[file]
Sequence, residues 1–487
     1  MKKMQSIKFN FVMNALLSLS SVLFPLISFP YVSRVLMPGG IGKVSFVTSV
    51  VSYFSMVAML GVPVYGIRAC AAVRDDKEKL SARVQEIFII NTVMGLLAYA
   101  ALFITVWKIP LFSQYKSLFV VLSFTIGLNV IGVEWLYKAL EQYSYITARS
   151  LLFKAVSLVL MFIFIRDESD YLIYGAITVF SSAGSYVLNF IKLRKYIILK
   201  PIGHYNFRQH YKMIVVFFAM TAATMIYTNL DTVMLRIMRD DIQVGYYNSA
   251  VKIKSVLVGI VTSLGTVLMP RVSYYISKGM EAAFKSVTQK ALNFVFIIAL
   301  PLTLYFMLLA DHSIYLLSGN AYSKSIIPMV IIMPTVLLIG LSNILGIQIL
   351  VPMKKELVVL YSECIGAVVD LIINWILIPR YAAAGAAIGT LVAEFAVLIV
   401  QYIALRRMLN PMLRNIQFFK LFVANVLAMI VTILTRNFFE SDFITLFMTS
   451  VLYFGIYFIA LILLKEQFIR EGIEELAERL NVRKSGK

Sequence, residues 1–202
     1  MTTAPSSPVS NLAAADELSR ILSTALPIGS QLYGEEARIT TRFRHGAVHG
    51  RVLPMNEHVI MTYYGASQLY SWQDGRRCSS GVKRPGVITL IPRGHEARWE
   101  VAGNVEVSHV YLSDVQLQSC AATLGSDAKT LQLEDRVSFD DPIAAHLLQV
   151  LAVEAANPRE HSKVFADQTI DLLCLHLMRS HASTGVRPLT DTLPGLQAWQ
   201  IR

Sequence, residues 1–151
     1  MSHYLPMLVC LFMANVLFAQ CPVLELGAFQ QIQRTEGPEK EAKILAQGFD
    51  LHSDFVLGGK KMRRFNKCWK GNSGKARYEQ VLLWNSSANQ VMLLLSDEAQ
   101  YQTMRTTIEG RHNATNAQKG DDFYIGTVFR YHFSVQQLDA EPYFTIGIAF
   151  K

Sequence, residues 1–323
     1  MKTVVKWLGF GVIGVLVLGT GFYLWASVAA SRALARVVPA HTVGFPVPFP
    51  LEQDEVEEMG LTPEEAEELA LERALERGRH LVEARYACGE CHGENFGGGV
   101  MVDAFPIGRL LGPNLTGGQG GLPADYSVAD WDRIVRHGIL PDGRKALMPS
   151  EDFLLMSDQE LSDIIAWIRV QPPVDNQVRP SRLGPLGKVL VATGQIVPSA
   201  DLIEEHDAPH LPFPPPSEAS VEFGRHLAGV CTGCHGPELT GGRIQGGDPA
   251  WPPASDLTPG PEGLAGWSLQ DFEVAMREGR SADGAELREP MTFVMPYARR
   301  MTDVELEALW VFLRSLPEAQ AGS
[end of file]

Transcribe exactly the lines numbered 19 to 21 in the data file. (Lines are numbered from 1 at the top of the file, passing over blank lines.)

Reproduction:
     1  MSHYLPMLVC LFMANVLFAQ CPVLELGAFQ QIQRTEGPEK EAKILAQGFD
    51  LHSDFVLGGK KMRRFNKCWK GNSGKARYEQ VLLWNSSANQ VMLLLSDEAQ
   101  YQTMRTTIEG RHNATNAQKG DDFYIGTVFR YHFSVQQLDA EPYFTIGIAF